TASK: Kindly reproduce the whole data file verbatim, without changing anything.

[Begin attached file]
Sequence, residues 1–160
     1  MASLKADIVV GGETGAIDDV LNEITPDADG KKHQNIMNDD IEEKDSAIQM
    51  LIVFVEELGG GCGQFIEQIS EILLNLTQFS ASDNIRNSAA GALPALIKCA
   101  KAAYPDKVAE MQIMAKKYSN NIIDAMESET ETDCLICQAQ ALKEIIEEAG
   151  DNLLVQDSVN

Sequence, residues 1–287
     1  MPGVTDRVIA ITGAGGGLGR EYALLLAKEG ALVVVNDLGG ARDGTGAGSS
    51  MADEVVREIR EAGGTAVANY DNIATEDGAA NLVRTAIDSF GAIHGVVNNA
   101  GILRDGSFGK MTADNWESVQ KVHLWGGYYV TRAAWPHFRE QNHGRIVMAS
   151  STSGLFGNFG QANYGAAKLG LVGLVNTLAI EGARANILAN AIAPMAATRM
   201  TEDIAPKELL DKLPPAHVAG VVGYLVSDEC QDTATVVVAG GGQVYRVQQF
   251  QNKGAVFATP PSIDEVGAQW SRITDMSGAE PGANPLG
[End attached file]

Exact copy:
Sequence, residues 1–160
     1  MASLKADIVV GGETGAIDDV LNEITPDADG KKHQNIMNDD IEEKDSAIQM
    51  LIVFVEELGG GCGQFIEQIS EILLNLTQFS ASDNIRNSAA GALPALIKCA
   101  KAAYPDKVAE MQIMAKKYSN NIIDAMESET ETDCLICQAQ ALKEIIEEAG
   151  DNLLVQDSVN

Sequence, residues 1–287
     1  MPGVTDRVIA ITGAGGGLGR EYALLLAKEG ALVVVNDLGG ARDGTGAGSS
    51  MADEVVREIR EAGGTAVANY DNIATEDGAA NLVRTAIDSF GAIHGVVNNA
   101  GILRDGSFGK MTADNWESVQ KVHLWGGYYV TRAAWPHFRE QNHGRIVMAS
   151  STSGLFGNFG QANYGAAKLG LVGLVNTLAI EGARANILAN AIAPMAATRM
   201  TEDIAPKELL DKLPPAHVAG VVGYLVSDEC QDTATVVVAG GGQVYRVQQF
   251  QNKGAVFATP PSIDEVGAQW SRITDMSGAE PGANPLG